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Medvedev warns bureaucrats against putting off his orders

Published time: June 21, 2010 18:44
Edited time: June 21, 2010 18:44
RIA Novosti / Dmitriy Astakhov, POOL

RIA Novosti / Dmitriy Astakhov, POOL

Russia’s President Medvedev has criticized officials for not executing his orders and warned them that they will be punished, and may even be dismissed.

During a video conference devoted to the matter, the head of state has called the situation with implementation of his instructions “rather complicated”. He said that the reports that government and organizations send to him are “not always substantial.”

“Quite often they simply give runarounds,” Medvedev said as quoted by Itar-Tass. “In order to meet the deadlines, our dear colleagues report that such and such has been done. However, in reality – when a case is examined – it reveals that nothing was done.”

According to the president, it is understandable that some projects – like the 2014 Sochi Olympics– are quite time-consuming. In other cases, when an official asks to postpone a deadline for half a year, there is no doubt it means “a failure to implement presidential orders.”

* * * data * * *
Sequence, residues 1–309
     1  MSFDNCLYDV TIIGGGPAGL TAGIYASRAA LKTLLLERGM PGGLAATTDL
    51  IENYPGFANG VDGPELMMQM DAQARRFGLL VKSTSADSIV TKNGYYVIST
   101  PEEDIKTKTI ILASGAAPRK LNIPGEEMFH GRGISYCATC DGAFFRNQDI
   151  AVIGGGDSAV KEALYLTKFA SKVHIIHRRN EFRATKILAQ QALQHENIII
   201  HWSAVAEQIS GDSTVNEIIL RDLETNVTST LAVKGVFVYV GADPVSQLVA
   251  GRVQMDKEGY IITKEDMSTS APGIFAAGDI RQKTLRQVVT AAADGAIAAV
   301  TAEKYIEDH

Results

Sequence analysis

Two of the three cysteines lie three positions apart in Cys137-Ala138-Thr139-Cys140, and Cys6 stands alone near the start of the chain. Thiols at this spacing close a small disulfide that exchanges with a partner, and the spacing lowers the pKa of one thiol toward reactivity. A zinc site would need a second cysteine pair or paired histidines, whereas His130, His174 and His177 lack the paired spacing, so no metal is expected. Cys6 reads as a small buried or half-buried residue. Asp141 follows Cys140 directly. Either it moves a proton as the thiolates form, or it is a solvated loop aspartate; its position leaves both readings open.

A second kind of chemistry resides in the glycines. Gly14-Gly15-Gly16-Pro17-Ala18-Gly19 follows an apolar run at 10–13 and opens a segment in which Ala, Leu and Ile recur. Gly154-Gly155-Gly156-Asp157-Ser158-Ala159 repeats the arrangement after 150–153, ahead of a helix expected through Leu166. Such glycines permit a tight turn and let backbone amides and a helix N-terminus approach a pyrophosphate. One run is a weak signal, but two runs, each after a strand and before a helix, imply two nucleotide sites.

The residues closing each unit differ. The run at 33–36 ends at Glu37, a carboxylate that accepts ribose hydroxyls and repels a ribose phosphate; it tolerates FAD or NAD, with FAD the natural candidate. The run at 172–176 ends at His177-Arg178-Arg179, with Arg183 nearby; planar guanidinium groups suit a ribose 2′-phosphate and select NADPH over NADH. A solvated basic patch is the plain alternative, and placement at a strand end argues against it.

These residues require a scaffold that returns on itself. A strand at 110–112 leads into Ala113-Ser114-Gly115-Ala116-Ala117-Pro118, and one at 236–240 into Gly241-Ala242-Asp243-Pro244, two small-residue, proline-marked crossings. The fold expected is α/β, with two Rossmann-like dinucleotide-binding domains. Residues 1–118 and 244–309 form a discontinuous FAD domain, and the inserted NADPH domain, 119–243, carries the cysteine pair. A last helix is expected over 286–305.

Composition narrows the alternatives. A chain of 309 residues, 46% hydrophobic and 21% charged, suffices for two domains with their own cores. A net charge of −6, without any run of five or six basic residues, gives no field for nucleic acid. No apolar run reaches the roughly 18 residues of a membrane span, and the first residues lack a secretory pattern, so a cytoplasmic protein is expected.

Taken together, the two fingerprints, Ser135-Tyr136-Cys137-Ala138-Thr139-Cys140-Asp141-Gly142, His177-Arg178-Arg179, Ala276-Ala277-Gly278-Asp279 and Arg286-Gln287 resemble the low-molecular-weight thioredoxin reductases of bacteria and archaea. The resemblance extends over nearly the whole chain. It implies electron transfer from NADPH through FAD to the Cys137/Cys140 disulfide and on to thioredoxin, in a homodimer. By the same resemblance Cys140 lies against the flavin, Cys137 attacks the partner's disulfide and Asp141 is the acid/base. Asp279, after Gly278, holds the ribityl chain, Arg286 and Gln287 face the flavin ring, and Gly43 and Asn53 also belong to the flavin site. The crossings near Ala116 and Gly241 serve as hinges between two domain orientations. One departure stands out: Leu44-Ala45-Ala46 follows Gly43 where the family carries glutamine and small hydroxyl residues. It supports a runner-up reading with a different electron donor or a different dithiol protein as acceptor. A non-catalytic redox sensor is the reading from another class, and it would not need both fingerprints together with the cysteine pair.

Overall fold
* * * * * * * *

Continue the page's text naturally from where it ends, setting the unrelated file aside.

Medvedev has called on his aide Konstantin Chuichenko, the head of the supervisory body, to check the necessity for such put-offs. If it surfaces that it is an authority’s noncompliance of duties is the cause, he or she should answer for that and may even be dismissed, no matter how high their rank is.

Also, the president – known for his modernization proposals – has called on members of the government and heads of regions to use the Internet to monitor people’s opinion.

“Those who can use [the Internet] are modern managers. Those who cannot are not ready yet, sorry,” he is quoted by Interfax as saying. “If I look through, all others should do the same. That is something I recommend not only to the government officials, but also to regional leaders.”

Medvedev is the first Russian president to have a video blog and, in order to create further interaction between citizens and authorities, has pushed for the introduction of “e-government”. As a result, as of April 1, Russians will be able to take care of some day-to-day bureaucracy online.